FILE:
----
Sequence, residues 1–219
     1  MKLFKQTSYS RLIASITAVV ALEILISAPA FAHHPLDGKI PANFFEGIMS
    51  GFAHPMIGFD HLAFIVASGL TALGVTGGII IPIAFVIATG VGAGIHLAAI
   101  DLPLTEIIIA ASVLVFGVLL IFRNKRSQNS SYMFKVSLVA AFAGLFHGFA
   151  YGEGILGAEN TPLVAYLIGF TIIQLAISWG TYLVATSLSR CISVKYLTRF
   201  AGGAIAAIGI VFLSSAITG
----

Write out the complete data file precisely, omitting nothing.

Sequence, residues 1–219
     1  MKLFKQTSYS RLIASITAVV ALEILISAPA FAHHPLDGKI PANFFEGIMS
    51  GFAHPMIGFD HLAFIVASGL TALGVTGGII IPIAFVIATG VGAGIHLAAI
   101  DLPLTEIIIA ASVLVFGVLL IFRNKRSQNS SYMFKVSLVA AFAGLFHGFA
   151  YGEGILGAEN TPLVAYLIGF TIIQLAISWG TYLVATSLSR CISVKYLTRF
   201  AGGAIAAIGI VFLSSAITG